This year marks the 30th anniversary of the release of Back to the Future and also the future year that Marty visited in Back to the Future II. While we are still waiting for our Mr. Fusions, flying cars, and hoverboards (Although Lexus has been working on that last one.), it is a good time to look back at one of the best films to come out of 1980s.
This week’s pick is We Don’t Need Roads: The Making of the Back to the Future Trilogy by Caseen Gaines. As the title suggests, this book covers the making of the three Back to the Future films, but, rather than diving into the minutia of the day-to-day shooting of the movies, Gaines focuses in on several key events, starting with the difficulties in getting a studio to make the film in the first place.
The book is a brief, fewer than 300 pages, and, for anyone unaware of the history of the films, these stories will be quite surprising. Did you know that Michael J. Fox was not the original star of the film? Did you know that after six weeks of shooting the first movie, the crew basically had to go back and start over? Did you know that a horrible accident occurred on the set of the second film?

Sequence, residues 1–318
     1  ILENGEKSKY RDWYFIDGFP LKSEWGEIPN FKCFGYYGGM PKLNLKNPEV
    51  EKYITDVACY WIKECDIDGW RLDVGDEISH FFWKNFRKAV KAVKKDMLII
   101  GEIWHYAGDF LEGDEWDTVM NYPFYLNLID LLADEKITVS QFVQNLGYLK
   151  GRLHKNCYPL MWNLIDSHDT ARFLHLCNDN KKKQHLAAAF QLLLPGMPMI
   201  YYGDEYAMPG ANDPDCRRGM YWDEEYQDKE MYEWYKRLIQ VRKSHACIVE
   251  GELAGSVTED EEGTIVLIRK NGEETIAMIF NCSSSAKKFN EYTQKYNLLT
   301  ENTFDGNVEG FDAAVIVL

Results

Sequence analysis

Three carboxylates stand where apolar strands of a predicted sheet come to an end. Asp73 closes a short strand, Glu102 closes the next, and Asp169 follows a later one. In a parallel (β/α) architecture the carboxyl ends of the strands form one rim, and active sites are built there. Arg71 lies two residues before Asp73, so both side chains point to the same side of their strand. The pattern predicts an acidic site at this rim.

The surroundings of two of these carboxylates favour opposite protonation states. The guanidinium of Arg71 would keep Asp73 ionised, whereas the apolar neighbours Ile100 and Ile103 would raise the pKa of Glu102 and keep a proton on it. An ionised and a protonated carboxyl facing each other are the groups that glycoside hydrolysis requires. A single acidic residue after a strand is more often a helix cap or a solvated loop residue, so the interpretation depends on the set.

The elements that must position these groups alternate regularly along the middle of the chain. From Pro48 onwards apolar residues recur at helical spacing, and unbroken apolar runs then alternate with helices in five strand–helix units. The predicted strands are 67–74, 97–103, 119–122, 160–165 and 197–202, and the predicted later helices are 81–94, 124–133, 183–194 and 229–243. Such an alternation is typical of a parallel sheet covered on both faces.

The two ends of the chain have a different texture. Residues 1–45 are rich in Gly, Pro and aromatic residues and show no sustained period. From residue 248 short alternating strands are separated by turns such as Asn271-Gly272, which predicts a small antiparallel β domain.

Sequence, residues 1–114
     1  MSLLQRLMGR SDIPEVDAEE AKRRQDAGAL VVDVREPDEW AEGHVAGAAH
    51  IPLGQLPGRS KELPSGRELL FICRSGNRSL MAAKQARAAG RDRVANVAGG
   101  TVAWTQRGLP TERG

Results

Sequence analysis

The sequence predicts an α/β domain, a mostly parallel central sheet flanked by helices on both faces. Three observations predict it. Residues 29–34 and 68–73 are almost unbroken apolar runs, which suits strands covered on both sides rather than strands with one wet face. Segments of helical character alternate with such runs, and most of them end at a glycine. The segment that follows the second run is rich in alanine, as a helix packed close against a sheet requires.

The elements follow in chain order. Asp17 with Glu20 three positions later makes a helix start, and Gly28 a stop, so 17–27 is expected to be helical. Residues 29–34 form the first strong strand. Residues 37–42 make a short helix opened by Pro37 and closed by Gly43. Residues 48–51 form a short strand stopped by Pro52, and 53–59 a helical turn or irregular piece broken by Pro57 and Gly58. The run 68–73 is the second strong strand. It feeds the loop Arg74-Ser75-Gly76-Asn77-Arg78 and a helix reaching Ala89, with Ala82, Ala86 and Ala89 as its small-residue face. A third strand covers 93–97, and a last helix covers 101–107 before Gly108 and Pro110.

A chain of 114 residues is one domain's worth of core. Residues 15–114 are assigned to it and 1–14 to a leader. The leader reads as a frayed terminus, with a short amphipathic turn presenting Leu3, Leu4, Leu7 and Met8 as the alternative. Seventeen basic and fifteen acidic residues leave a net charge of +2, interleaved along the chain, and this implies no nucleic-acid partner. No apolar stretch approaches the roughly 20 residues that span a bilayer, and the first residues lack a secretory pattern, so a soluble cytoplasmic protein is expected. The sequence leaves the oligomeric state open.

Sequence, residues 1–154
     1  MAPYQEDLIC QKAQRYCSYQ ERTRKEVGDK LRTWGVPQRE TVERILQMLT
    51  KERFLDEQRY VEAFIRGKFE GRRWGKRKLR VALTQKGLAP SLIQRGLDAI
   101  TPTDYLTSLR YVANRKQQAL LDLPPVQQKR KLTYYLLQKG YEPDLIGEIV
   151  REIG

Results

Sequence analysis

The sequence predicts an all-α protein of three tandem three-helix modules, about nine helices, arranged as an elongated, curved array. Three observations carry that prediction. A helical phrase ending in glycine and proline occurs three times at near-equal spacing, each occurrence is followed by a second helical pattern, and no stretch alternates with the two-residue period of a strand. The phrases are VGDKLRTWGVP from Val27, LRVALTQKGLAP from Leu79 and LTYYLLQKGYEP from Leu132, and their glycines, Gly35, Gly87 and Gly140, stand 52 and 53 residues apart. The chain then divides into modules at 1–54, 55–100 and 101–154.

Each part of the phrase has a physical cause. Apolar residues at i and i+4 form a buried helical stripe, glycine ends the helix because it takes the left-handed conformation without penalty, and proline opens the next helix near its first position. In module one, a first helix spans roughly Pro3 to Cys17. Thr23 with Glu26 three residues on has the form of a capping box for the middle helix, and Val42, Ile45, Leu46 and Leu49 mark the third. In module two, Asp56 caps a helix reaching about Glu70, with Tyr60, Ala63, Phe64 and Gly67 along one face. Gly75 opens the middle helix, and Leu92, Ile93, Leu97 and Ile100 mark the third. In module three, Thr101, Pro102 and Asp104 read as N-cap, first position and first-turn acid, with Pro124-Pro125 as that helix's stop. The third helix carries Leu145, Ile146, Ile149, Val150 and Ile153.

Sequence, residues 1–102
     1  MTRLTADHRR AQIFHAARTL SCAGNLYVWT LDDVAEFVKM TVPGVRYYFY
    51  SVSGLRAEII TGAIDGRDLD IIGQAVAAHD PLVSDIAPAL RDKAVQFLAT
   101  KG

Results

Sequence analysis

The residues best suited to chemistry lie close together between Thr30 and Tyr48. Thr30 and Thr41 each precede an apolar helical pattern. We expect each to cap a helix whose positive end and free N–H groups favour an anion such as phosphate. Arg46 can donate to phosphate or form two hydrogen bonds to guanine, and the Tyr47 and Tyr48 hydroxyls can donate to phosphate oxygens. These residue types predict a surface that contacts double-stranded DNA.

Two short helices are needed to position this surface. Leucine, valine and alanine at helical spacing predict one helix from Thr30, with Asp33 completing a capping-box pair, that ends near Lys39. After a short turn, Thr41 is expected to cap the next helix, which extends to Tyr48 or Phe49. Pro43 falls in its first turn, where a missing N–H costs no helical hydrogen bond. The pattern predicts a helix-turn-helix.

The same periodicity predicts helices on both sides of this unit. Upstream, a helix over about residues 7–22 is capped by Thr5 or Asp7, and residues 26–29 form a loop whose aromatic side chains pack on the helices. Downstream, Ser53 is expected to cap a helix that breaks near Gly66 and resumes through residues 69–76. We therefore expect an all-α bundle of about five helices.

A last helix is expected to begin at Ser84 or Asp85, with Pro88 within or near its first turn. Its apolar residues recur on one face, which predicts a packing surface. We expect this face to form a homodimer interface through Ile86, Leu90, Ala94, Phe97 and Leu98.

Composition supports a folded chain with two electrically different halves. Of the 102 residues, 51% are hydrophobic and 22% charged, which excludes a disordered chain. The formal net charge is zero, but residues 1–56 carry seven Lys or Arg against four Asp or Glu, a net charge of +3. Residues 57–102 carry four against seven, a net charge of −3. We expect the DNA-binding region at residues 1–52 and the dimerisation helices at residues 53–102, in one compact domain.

Gaines was able to interview most of the principals involved with the films, including director/writer Robert Zemeckis, writer Bob Gale, and Doc Brown himself, Christopher Lloyd, and he tries to present all sides of some of the more controversial events, such as the replacement of Crispin Glover in the latter two films.
We Don’t Need Roads is an engaging look at these films that have become cultural touchstones and well worth the read.
- Alan Decker
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